Four European development banks are financing a palm oil company in the Democratic Republic of Congo that is violating workers’ rights and dumping untreated waste, Human Rights Watch said in a report released today. The company, Feronia, will hold a shareholders meeting with the four banks in London on November 25, 2019 to discuss the company’s environmental and social track record. The 95-page report, A Dirty Investment: European Development Banks’ Link to Abuses in the Democratic Republic of Congo's Palm Oil Industry, documents that investment banks owned by Belgium, Germany, the Netherlands, and the United Kingdom are failing to protect the rights of people working and living on three plantations they finance.
Human Rights Watch with a new report that confirms what we already knew: When it comes to 'natural resources' there really isn't a 'sustainable' way of doing global business...

Buy Good, Do Good, Be Good? Ethical Consumption as Neoliberal Governmentality

This tandem of corporate practice and individual conduct positions EC as neoliberal governmentality. Here the wider normative framework of ethical-capital practices has, through EC, acted to create subjects that accord to the responsible-economic logic of neoliberalism. Furthermore, not only do subjects buy products that are framed as ethically good, allowing them to do good to others but in turn they become good themselves. Conceptualising EC in this way provides an important starting point to not only assess the role of ethics in the validation of neoliberalism but, importantly, it can be used to initiate a discussion on the how the discursive power of neoliberal capitalism can be challenged. Moreover, whilst ethical capitalism acts to revalidate neoliberal economism it can also be used to begin a conversation concerning how a neoliberal power can be challenged on a discursive as well as practical level.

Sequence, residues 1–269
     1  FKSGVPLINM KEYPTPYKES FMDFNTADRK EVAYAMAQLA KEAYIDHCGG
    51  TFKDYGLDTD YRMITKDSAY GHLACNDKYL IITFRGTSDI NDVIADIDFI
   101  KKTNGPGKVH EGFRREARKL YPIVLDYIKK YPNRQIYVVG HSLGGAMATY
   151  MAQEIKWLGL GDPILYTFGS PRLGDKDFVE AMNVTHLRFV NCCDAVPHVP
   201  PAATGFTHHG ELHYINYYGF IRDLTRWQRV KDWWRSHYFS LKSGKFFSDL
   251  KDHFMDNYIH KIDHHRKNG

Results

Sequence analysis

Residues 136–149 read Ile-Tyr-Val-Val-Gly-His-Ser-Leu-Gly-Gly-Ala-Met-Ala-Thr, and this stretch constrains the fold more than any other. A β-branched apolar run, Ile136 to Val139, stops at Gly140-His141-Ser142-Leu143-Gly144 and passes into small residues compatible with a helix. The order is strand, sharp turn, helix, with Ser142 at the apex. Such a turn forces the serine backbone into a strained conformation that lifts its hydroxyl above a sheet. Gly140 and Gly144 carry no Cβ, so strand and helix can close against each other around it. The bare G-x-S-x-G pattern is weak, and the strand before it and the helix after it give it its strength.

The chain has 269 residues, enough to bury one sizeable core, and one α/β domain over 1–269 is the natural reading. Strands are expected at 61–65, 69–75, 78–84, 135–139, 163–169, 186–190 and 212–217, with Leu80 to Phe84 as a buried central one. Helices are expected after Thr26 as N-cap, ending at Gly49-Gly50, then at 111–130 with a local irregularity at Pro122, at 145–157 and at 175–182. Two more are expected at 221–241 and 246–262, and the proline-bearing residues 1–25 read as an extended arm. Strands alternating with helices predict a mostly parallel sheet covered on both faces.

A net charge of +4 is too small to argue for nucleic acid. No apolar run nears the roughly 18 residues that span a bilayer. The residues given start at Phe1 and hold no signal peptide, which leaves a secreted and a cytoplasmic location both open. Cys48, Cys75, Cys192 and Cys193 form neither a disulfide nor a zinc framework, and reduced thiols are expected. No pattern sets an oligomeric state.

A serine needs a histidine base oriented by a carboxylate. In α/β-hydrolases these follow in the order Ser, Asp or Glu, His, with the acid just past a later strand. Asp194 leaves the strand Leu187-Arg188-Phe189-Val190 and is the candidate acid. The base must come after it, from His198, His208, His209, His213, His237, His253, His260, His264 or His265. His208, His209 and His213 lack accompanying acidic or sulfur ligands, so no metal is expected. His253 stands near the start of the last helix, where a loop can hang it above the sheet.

Ruby Agatha Utting for E-International Relations Students with a longer, more academic engagement of the pitfalls of 'ethical consumption'.

Don’t Buy the “Marketplace of Ideas”

The deep problem with the concept of the marketplace of ideas is that it requires an aseptic world without hierarchy, without authority, and without power. When placed in the context of a world with all of these things, the marketplace of ideas becomes nothing more than a complacent moral discourse that offers smug reassurance that dominant ideas are simply the most convincing and evidenced. In this manner, the “marketplace of ideas” works similarly to the idea of “meritocracy”, in that it stresses you get what you deserve, and if you have got it is deserved. The discourse, then, works to reinforce the status quo and serves to hide deep power and resource inequalities within society by stressing that the playing field is level when it is anything but. If the competitive destruction of weaker ideas was actually the case, the marketplace of ideas would be a smoking ruin.
Terry Hathaway for Developing Economics-another traditional blog project with great content regularly!

Beware of the feel-good news story

These kinds of stories act as a glimmer of hope in a sea of societal hardship, and, simultaneously, are indicative of total systemic failures that make children feel like they must take care of adults, make workers feel indebted to their bosses, and make audiences feel that we are all but a “stroke of good economic fortune away from wealth and abundance,” labor historian Max Fraser, a current fellow at Dartmouth College, notes. We are living in the era of depressing, capitalist content packaged as mind-numbing uplift.